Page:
After completing our first task, we lower the bridge that allows us to travel from one rooftop onto another. After the sound attracts Ridden, we start fighting them off. The doorway to the opposite roof acts as an effective barrier, and my fellow teammates, who have spent their copper lofts for a Molotov cocktail on their rooftop, manages to eliminate a significant portion of our encroaching enemies. Maybe I shouldn’t have gone out and bought supplies.

When I reach the second saferoom I make a decision to use the available offerings. I have a decent amount of currency to spend, so I refill my rifle ammo and grab a grenade, but I’m eyeing the team support upgrade that gives all healing items extra effectiveness. I don’t have enough copper to purchase it this time, but I decide to scrounge in subsequent stages to give my team that handy upgrade.

Mid-point is reached when a Ridden about the same size as a building rises from the ground. Ogre enemies are a large, powerful boss who can either throw projectiles at you from far away or come up close to take your weapon. The Ogre escapes our first encounter, but it returns later to finish us off. Thankfully, we’re able to shoot its weak points enough to cause the massive beast to collapse.

While the Left 4 Dead inspiration is evident in nearly every facet of Back 4 Blood, Turtle Rock hasn’t completely thrown out the Evolve playbook. “I think you especially see those influences when you look at the Ogre,” says executive producer Lianne Papp. “We use a lot of those experiences from past titles to help develop that kind of experience and make it an awesome moment because I feel like it’s something you don’t really see in a zombie shooter: something that’s multiple stories tall and towering over you. It adds that extra element of, ‘Oh s—!’”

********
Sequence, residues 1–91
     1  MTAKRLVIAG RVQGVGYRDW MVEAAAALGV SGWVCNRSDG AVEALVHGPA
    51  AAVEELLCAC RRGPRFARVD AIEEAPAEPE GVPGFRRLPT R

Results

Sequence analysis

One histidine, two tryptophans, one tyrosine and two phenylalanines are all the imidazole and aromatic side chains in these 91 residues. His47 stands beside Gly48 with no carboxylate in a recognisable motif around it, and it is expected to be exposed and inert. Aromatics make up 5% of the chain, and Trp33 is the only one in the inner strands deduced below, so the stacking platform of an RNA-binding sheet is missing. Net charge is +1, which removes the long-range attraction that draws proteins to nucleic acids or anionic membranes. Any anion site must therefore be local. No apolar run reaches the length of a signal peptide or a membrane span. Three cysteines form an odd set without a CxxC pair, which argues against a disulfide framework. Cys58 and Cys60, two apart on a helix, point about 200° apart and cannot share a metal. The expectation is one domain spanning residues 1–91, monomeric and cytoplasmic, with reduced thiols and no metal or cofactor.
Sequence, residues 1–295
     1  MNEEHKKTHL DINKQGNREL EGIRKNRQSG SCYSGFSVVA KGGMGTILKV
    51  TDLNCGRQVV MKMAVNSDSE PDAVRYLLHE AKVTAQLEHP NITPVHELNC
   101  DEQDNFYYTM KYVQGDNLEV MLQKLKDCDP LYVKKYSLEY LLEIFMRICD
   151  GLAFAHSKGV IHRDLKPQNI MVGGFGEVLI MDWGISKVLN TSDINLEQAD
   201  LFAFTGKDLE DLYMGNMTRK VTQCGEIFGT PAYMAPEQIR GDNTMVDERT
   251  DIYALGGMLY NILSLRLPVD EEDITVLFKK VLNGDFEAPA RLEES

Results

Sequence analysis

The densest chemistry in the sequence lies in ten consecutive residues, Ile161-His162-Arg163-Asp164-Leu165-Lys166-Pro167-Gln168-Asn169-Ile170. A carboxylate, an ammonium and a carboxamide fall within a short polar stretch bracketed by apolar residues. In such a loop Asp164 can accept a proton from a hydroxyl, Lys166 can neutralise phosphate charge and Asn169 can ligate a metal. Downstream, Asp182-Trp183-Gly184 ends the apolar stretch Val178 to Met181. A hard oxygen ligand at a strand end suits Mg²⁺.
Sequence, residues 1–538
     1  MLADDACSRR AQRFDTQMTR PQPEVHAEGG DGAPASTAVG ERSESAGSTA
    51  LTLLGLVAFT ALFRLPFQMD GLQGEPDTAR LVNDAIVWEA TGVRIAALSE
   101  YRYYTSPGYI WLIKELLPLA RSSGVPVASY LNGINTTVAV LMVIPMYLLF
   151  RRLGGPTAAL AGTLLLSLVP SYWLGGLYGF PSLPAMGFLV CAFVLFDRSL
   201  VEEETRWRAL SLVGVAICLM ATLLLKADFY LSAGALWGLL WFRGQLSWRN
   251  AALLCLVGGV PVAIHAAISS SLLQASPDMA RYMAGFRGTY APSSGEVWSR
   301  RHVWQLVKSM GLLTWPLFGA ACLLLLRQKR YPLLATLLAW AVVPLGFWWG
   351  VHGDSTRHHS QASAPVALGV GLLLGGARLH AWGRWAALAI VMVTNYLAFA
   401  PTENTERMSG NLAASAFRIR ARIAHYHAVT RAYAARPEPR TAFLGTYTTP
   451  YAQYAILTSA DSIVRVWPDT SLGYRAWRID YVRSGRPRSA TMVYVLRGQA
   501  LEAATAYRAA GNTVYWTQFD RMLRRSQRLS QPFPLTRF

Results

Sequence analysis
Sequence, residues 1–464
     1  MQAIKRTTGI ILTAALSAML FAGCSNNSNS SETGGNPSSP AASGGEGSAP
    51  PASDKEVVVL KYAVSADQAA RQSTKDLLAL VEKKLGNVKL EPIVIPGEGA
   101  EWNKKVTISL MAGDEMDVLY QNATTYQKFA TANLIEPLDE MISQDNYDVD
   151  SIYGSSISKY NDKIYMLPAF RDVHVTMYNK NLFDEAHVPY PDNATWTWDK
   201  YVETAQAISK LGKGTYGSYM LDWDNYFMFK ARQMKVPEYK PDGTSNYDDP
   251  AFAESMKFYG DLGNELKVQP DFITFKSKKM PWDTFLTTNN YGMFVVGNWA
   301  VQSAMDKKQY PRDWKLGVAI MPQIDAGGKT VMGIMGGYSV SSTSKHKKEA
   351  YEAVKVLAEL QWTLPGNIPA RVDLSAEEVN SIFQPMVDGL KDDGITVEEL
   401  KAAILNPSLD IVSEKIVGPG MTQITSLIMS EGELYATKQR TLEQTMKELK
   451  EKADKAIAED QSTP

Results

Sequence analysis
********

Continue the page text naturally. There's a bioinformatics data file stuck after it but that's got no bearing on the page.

Though the Ogre serves as a definite highlight of the first campaign, it’s far from the finale. We reach a bridge with corroded beams that seems to be a barrier for survivors. You can see that few did.

There are many variants of the zombies found on this bridge. A Crusher, who stands at close to 15 feet tall, has an enormous arm which will crush you until you die unless there is a stun gun nearby or someone to help. The Hocker is an agile, tiny Ridden that stalks and traps you with a sticky substance. While those two may be the most frightening variants I have ever encountered, Reekers were always a pleasant sight to see. This zombie-type can vomit acid, inflict area-of-effect corrosive damage and some explode upon being killed, causing severe concussive injury to Cleaners nearby.